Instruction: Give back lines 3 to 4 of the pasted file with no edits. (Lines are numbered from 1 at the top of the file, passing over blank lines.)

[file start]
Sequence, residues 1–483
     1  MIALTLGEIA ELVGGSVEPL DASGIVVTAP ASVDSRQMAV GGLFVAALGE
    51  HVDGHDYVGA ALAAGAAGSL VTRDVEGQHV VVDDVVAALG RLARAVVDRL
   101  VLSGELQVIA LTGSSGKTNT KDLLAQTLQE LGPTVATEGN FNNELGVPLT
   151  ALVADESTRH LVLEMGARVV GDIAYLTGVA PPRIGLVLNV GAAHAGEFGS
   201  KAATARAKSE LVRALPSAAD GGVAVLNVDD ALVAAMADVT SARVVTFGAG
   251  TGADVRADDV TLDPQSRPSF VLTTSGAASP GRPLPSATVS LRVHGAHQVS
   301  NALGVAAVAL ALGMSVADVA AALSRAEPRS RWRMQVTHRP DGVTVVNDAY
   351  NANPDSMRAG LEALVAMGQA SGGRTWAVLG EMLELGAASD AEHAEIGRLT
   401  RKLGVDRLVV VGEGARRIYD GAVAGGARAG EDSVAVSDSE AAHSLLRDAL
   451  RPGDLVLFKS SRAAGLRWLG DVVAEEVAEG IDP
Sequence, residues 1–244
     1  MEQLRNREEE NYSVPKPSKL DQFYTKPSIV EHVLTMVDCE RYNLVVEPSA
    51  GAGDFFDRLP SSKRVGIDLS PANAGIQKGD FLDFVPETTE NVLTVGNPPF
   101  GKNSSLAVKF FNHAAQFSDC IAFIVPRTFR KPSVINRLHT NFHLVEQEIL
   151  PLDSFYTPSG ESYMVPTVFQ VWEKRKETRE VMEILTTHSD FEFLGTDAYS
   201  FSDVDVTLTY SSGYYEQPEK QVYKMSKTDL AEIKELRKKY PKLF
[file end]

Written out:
    51  HVDGHDYVGA ALAAGAAGSL VTRDVEGQHV VVDDVVAALG RLARAVVDRL
   101  VLSGELQVIA LTGSSGKTNT KDLLAQTLQE LGPTVATEGN FNNELGVPLT